Thursday, June 25, 2020

Using the VisionAI DevKit to capture photos to Azure regularly


I've been playing lately with several IoT devices, from the Raspberry Pi to the Jetson Nano, and one (very simple) pet project I wanted to set up was to have one of the these devices capturing photos and uploading them to an Azure Storage Account, and then do either time lapses, or just use them for security home monitoring.
The issue with these small devices is that they're fiddly - they need boxes, power, be correctly positioned, can be fragile, etc., so I decided to use my Vision AI DevKit for this.

The camera is sturdy and has a wide-angle lens, the position is adjustable and the base is heavy/stable, it has built-in Wifi, runs Azure IoT Edge and can be powered with USB-C. It also has built-in ML capabilities (it can run neural network models on a Qualcomm Snapdragon chip pretty fast), but I don't actually want to run any ML, just upload photos regularly. It does use more power than my Raspberry Pi Zero with a camera, that's the main downside.

For my time-lapse use case, I need photos regularly, while for the security one I want to make sure photos are uploaded as fast as they are taken (for which I assume both power and Wifi are on). For this reason I decided to not do any local processing, just upload the photos ASAP and process them in Azure later. I'd save bandwidth by doing processing on the camera, that's not really an issue.

Starting point

I started with one of the Community Projects available for the camera, the Intelligent Alarm by Microsoft colleague Marek Lani. His project is entirely on GitHub, and he has a more complex setup than what I need -- he's doing object recognition on the edge as a trigger for a photo upload, which I don't want to do. He actually has a repo on GitHub for the image capture part of his project: . The reason this is relevant is because he is capturing images from the camera using ffmpeg over the built-in RTSP video feed (and calling it from NodeJS), instead of using the SDK's capabilities to take photos. Doing this later option can mess up local ML processing and require a reboot of the camera. So my work was simplified to adapting his code for my scenario.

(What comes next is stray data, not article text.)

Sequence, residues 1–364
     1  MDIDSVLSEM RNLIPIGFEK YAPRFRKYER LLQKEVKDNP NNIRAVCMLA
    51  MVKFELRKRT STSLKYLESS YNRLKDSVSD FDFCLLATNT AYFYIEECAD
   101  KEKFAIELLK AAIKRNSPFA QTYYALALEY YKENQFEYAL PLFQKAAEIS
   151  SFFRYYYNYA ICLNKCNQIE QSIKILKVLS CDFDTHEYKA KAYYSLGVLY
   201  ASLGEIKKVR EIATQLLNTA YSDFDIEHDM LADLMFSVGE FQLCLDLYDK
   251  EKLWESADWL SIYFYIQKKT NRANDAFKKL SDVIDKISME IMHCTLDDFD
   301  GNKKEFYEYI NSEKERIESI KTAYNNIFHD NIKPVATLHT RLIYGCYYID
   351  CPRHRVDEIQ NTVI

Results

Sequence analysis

Code changes

- Modify the capture code

The first thing I did was to look at Marek's app.js file. His code captures a photo whenever a message is received from IoT Hub (more correctly, from another container/module running on the camera). I just commented all of this block and replaced it with a call to the function that calls ffmpeg to capture the photo, TakeAndUploadCaptureFromStream(); . In more detail, I commented out the pipeMessage function and the whole IoT Hub block starting with Client.fromEnvironment.

The second thing was to find a way to call this code regularly. The classical solution to do this is to use cron, and that's what I did, following some hints from this thread on Stackoverflow. So here are the steps:

- Created a cronjobs file with content:

* * * * * node /app/app.js > /dev/stdout

This setup means the command is called once per minute. The redirect is actually not working, I want it to redirect the output to the docker log, but I get an error when I use "> /proc/1/fd/1 2>/proc/1/fd/2". Something to come back to.

- Modified the Dockerfile.arm32v7 to contain:

FROM arm32v7/node:12-alpine3.11


RUN apk add  --no-cache ffmpeg

COPY package*.json ./

RUN npm install --production

COPY app.js ./

# copy crontabs for root user
COPY cronjobs /etc/crontabs/root

USER root

# start crond with log level 8 in foreground, output to stderr